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Ince Castle is three miles (5 km) from Saltash in Cornwall, England, UK. It is not a castle in the conventional sense, but a manor house built of brick. It was built in 1642, at the start of the English Civil War and was captured in 1646. Attached to the house are four three-storey towers with walls 1.2 metres thick. There is a classical portico and the windows are rectangular. The house and estate were sold in the 1850s and let as a farm but it became increasingly run down and covered in ivy by the 20th century. It burnt down in 1988 but it has now been rebuilt.
The house in on a peninsula by the River Lynher, from which the name comes, Ince being a form of the Cornish enys ("island"). The first house may have been built by the Courtenays in the late 14th century. It later came into the possession of the Killigrews who remodelled the house entirely. Henry Killigrew, the Royalist MP for West Looe, who modified the first house in about 1642, kept four wives, one in each tower, each unknown to the others, according to tradition.
From the 1840s, the tenants farming the land were all from the same family. Richard Pryn (1774 to 1846) owned and farmed Tredown close to Ince and in 1841 (according to the census) was also farming Ince. His son, Richard Pryn (1822 to 1858) was unmarried and farmed Ince with his unmarried sister Anne (1817 to 1889) from 1846 to 1858. The property was known as Ince Barton and was 90 acres (360,000 m2) at this time. After Richard's death from drowning, his sister Anne was joined by another unmarried sister Mary Ann (1828 to 1910). After Anne's death in 1889, the tenancy passed to her great nephew, Hannibal Steed (1856 to ?) whose descendants continued to farm Ince until the early 20th century (1910 or later). The owner from 1922 to 1937 was H. R."Bobby" Somerset, whose yacht, Jolie Brise, was a multiple winner of the Fastnet Race and was kept in the boathouse at Ince Castle. Ince's next occupants were Scottish yachtsman James Bryce Allan (1893-1960) and his wife, stage and silent screen actress Rita Jolivet.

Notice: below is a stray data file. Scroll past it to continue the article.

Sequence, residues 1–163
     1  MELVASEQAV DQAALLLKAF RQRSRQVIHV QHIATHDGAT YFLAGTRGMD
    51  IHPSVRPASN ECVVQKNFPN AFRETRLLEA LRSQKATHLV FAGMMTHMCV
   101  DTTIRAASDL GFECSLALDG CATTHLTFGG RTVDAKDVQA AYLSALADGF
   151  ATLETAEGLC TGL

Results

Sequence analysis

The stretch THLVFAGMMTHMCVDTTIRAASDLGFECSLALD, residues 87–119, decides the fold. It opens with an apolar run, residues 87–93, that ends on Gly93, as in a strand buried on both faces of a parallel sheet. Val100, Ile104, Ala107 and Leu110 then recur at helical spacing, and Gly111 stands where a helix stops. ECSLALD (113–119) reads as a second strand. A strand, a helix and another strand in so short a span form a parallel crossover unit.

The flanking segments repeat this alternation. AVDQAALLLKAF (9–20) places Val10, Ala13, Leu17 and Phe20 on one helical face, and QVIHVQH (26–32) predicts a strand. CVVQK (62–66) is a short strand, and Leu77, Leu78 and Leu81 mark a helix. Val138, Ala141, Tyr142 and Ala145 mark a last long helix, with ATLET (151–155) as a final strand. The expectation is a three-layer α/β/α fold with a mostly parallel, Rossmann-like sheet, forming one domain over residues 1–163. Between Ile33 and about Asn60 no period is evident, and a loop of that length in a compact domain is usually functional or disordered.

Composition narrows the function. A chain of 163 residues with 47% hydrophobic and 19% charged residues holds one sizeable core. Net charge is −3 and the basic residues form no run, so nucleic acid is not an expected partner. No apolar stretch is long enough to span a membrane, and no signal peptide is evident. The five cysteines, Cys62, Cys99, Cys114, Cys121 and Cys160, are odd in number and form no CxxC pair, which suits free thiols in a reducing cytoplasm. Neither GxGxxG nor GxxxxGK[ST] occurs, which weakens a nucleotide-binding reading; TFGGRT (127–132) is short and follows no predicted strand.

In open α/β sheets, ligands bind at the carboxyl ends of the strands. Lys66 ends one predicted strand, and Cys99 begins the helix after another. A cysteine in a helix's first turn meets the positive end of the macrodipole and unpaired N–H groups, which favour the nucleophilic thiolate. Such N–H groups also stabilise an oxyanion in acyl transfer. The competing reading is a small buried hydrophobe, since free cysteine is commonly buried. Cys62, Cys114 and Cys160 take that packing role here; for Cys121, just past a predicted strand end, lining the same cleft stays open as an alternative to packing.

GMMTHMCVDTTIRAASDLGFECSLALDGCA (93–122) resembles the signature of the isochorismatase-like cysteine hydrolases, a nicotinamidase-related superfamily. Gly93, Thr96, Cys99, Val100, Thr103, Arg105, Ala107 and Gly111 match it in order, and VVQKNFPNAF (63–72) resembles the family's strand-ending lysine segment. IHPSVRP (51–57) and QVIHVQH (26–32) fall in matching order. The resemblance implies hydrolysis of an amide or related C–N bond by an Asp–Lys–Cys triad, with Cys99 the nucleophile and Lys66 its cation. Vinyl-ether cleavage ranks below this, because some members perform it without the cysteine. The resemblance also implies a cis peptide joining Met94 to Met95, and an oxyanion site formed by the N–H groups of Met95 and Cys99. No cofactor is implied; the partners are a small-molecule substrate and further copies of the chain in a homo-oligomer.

About this time, the lower floor French windows were installed to bring more light into the house and the service wing was extended. A disastrous fire in 1988 was followed by rebuilding of the roof and a second kitchen was added. The present owners, the Viscount and Viscountess Boyd of Merton, moved to Ince Castle in 1994. The house and gardens are only occasionally open to the public.
- Oman, Sir Charles (1926) Castles; "Cornwall and its castles", p. 108-09. London: Great Western Railway
- Hammond, Muriel (1963) Castles of Britain; I: England. London: Ian Allan
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